Training the police or a paramilitary force?
The oath taken by women police cadets at the Police Training Center (POMEM) in the Central Anatolian province of Yozgat has been raised in a parliamentary question by main opposition Republican People’s Party (CHP) deputy Zeynep Altıok. I watched the oath-taking ceremony on YouTube. Not only in Yozgat, but in other police training centers, there are videos of the same oath being taken.
The oath starts with the basmala, “In the name of Allah, the Most Gracious, the Most Merciful.” It continues with pledges to Allah, the Quran, the prophets, the flag and arms. They promise the martyrs that they will sleep comfortably because they will take revenge on their behalf. “Revenge, revenge; let revenge be forever. If we forget, let our blood dry up [three times]. God protect the Turk [three times]. Amen [three times].”
In fact, the official wording of the oath, the one I found on the web, is a pledge to the constitution, to Atatürk’s principles and reforms, to Turkish nationalism as described in the constitution and to the laws of the republic. It promises to serve impartially and be based on equality; respect for human rights; constitutional principles; a national, democratic and secular state, as well as the rule of law.
Apparently, the new text of the oath has unofficially been rewritten to be suitable to the “spirit of the time.”
In the Republic of Turkey, the duty of the police is definite. Within the framework of what the constitution and laws order, their job is to provide security and order, prevent crime and serve as judicial police in the interrogations of prosecutors.
“Taking revenge” is not among them because a modern state of law does not take revenge on anyone. Revenge is a concept seen in primitive tribal orders.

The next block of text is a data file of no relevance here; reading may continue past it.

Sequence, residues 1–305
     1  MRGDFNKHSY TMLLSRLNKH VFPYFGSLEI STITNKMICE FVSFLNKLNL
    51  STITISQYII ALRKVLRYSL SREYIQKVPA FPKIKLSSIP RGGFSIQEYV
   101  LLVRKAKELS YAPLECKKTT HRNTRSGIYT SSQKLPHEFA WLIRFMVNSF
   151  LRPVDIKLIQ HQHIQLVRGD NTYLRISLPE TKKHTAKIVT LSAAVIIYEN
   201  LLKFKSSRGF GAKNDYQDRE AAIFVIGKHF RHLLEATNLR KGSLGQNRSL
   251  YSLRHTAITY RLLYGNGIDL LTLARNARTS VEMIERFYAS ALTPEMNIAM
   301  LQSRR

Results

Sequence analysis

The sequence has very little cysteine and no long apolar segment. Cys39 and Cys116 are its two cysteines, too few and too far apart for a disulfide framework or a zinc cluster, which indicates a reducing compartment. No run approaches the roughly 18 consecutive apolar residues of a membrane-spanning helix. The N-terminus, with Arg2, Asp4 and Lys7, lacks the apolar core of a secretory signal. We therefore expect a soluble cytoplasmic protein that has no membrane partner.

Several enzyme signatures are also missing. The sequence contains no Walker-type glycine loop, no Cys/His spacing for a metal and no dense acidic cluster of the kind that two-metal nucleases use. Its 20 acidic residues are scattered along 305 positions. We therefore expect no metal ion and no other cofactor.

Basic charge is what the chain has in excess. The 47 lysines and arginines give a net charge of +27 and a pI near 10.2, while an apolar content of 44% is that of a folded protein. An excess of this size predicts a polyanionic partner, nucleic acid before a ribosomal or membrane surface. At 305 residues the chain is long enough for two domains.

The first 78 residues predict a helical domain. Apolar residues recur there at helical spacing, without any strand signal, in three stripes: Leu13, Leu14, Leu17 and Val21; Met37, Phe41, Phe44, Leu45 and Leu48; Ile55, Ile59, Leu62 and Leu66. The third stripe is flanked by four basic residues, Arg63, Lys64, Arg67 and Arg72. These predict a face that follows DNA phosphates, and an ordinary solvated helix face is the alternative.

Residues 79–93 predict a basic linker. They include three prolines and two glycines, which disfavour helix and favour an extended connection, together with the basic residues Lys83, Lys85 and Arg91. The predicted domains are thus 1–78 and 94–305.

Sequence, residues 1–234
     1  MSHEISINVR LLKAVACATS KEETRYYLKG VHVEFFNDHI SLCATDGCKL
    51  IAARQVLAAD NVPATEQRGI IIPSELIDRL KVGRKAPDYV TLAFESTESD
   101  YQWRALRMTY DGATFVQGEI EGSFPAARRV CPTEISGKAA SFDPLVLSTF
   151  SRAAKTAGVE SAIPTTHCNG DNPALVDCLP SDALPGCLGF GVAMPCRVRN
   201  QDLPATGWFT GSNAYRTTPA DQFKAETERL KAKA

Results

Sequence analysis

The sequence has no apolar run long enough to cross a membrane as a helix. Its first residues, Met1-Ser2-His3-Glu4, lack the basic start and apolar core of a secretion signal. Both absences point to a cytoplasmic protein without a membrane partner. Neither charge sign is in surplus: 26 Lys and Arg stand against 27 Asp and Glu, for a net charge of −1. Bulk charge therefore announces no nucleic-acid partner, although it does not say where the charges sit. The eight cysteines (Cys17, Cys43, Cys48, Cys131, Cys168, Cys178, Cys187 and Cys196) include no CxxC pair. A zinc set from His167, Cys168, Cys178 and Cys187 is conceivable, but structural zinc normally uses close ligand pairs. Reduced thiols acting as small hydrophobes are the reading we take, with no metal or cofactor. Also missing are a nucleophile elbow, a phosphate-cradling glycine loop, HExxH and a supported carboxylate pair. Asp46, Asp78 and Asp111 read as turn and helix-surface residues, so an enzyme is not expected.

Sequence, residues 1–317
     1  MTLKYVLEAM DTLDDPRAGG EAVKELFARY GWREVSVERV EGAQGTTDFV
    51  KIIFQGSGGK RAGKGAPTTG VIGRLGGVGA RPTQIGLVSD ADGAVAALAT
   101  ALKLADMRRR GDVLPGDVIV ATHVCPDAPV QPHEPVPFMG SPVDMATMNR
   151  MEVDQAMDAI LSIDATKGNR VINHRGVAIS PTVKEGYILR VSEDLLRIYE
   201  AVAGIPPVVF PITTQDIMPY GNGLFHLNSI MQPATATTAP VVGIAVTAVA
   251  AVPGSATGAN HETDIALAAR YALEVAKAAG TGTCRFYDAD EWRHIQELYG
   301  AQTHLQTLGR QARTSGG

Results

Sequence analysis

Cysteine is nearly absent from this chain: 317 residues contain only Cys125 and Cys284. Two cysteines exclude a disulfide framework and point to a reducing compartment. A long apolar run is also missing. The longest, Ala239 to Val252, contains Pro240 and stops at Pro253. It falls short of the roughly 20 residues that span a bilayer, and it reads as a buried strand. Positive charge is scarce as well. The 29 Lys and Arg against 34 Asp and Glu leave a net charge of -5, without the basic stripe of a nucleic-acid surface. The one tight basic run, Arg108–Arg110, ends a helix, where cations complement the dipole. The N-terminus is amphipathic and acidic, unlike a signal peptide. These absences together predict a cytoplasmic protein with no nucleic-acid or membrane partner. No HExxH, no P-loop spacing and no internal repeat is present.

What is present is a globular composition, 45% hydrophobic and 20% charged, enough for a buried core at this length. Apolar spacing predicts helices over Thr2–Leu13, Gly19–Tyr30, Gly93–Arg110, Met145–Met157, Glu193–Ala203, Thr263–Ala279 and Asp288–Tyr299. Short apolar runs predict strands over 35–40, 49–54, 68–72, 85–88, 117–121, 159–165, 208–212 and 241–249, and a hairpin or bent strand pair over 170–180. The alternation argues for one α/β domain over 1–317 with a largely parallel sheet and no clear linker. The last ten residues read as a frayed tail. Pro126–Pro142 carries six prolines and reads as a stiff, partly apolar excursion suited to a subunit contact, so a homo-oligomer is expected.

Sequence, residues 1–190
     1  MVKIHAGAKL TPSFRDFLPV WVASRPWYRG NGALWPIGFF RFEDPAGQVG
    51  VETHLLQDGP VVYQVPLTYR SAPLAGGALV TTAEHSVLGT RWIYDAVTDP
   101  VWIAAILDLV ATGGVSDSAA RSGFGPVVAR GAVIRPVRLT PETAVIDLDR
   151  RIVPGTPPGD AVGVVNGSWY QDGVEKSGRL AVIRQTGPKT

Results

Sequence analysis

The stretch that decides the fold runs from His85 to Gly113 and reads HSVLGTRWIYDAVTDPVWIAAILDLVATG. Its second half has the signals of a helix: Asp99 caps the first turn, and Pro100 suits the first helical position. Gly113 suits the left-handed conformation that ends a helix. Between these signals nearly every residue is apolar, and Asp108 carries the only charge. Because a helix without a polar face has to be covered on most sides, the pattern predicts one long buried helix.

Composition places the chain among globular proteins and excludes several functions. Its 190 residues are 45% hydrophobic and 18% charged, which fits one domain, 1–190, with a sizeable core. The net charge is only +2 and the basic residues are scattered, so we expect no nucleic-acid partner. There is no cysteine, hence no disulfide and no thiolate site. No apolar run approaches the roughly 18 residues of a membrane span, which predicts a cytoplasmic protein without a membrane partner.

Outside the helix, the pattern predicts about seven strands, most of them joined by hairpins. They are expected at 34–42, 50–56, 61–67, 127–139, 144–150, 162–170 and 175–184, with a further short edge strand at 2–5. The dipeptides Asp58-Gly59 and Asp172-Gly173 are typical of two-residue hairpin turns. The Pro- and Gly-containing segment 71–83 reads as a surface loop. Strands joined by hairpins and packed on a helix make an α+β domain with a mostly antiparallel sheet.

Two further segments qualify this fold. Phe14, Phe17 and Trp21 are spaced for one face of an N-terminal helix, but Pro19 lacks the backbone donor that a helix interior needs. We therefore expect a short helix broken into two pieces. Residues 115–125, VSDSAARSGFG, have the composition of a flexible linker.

Police take an oath to abide by the constitution and laws and conduct their duties within that framework.
By the way, the Republic of Turkey, according to the constitution, is not only a state of law but at the same time, a secular state. The police of a secular state cannot start their oath with the basmala.
A secular state does not differentiate among its citizens based on their religion and belief; thus it is only normal to have members of other faiths or people with no faith within the police force. Forcing them to take an oath as a member of another faith is both against the European Convention of Human Rights and our constitution.
Are the police training centers training police for the state of law or are they aiming to form a paramilitary organization?
Question your own selves
The expected happened and the Parliamentary Assembly of the Council of Europe (PACE) decided to reopen the monitoring procedure for Turkey. From now on, our place in Europe is alongside Albania, Armenia, Azerbaijan, Bosnia, Georgia, Moldova, Russia, Serbia and Ukraine.
The ruling party Justice and Development Party (AKP) deputy head of parliamentary group defined the decision as “non-objective and hostile.” It will not take too long before we hear speeches starting with “O, Europe.”
Well of course, nobody will ask this: “We were ruling in 2004, when we were freed from the monitoring procedure. What’s changed resulting in the procedure being reinstated for Turkey?” The reason for this is that the AKP’s democratic enthusiasm that stated in 2002 was a short-lived one and has disappeared.
In today’s world, everything is happening in front of the eyes of everybody. This is a country where deputies are imprisoned. Most of the cases against them are related to the speeches they have made. Can you explain this to a democratic Europe?
The number of jailed journalists is increasing with every passing day. Everybody has seen the indictments for journalists who are facing life sentences. The accusations are related to their written pieces. Can it be possible in a democratic country for a journalist to be jailed and face a life sentence because of what they have written?
Dozens of academics have been dismissed because they were in the opposition. Can Europe accept this?
More than 100,000 civil servants have been removed from their jobs. They have no means of seeking their rights and proving their innocence. Even the objection commission has not been formed yet. Where can you find administrative decisions in Europe that are not open to judicial scrutiny?
The AKP’s rulers will now use this decision to fuel anti-Europeanism; they were waiting for such an opportunity anyway. Because they have no target left to be an equal part of Europe.
We will no longer live in a “model country,” but “in a country under the monitoring procedure.”